15 Questions with Thomas Farnon


Part One - No Regrets 

Name: Thomas Farnon

Nationality: British

Occupation: Composer

Current Release: Solace on Chromium Music Group
Recommendation: Empara Mi - Wanderlust

Website/Contact: www.thomasfarnon.com

Q1. When did you start composing - and what or who were your early passions and influences? 

I started composing when I was really young with piano lessons at around three or four. I loved it but instead of practising, I would spend the whole time improvising and that's where I think my enjoyment of music came from. I come from a musical family and so was introduced to lots of different types of music from an early age, and I distinctly remember getting shivers from certain pieces and so that instilled in me the power that music can hold over your emotions.

Q2. For most artists, originality is first preceded by a phase of learning and, often, emulating others. What was this like for you? How would you describe your own development as an artist and the transition towards your own voice? What is the relationship between copying, learning and your own creativity?

It’s not something I really actively thought about, but I've always had composers I love and so was influenced by them. I think most composers are the same in that your voice is found by taking everything in - be it life, art, feelings, aesthetics, music and putting that into a huge melting pot of ideas and that is how you to start to form an original voice. It's a continuous process.

Q3. What were some of the most important creative challenges when starting out as a composer, and how have they changed over time?

There are two main challenges young composers face – an economic one and an artistic one. Starting out as a working composer, in a lot of cases, you’re competing for gigs with guys that have done it full time for a long time and have the resources to hire orchestras, assistants and studios. That initial “turtle going into the sea for the first-time” moment is crucial, because you have to find a way of supporting yourself reasonably quickly or you are simply unable to create music. You also learn to be resourceful with what you have and find ways of making it work which stands you in good stead going forward. I find it interesting that a lot of people’s best work is done in these times when probably it should be the hardest time to create! Artistically, you have to have a huge amount of self-belief in what you're doing, with that you stand a great chance because starting out, you have to convince a lot of people that your music is great and deserves to be heard.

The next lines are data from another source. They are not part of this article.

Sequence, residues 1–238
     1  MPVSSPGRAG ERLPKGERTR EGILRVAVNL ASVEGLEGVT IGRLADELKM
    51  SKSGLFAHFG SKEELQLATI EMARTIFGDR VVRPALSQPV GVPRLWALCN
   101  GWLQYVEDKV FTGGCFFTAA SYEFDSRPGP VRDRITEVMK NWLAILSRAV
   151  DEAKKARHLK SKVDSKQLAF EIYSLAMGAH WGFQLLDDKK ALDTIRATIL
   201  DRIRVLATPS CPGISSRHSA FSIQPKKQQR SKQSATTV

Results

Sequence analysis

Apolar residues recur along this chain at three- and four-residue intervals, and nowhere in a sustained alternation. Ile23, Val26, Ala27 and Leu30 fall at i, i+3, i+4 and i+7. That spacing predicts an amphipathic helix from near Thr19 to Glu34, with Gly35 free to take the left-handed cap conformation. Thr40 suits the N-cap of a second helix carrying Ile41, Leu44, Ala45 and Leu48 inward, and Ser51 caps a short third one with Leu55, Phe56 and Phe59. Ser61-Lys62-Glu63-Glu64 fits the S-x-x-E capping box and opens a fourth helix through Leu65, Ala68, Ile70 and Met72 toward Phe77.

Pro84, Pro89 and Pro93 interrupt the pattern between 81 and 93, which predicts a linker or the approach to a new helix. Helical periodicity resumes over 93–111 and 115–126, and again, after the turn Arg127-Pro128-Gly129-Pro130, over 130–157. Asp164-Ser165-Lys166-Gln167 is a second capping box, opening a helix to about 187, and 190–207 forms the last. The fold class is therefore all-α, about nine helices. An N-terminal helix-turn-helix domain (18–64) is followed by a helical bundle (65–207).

Q4. Tell us about your studio/workspace, please. What were criteria when setting it up, and how does this environment influence the creative process? How important, relatively speaking, are factors like mood, ergonomics, haptics and technology for you?

A lot of my work is film music based, so my studio reflects that. I have a relatively simple setup with a writing rig designed to produce real sounding demos to picture. I like having a space that's peaceful, neutral and big enough to have a sofa at the back for anyone I’m working with. It’s not too showy and doesn’t have lots of buttons and lights, but it feels comfortable and I’m happy spending 20 hours a day in there when I need to without it feeling too much like hard work!

Q5. Could you take us through a day in your life, from a possible morning routine through to your work? Do you have a fixed schedule? How do music and other aspects of your life feed back into each other - do you separate them or instead try to make them blend seamlessly?

I do most of my initial writing while I’m out walking as the steadiness of walking helps me to come up with melody’s or ideas. If I’m ever struggling on something I’ll book a practice room somewhere and change up my routine, lock myself in with a piano and then not come out until I've got something! When I’m on a project, I'm probably not very good at balancing life/work. I like to work really long days and make sure I've given it everything. Once it's written and recorded I can catch up on sleep.

Q6. There are many descriptions of the ideal state of mind for being creative. What is it like for you? What supports this ideal state of mind and what are distractions? Are there strategies to enter into this state more easily?

I find ideas come when you least expect them, so I don't really have an ideal state of mind. Coming from a film music background I've got used to lots of distractions, and you learn to deal with them. Having said that, when I’m writing my standalone works, I like shutting myself off from the world when I’m coming up with concepts for pieces and initial ideas. I think that helps to know that you’ve exhausted every possible treatment of an idea, so you have fewer regrets.

Q7. Could you take me through the process of composing on the basis of one of your pieces that's particularly dear to you, please? Where did the ideas come from? How were they transformed in your mind? What did you start with, and how do you refine these beginnings into the finished work of art?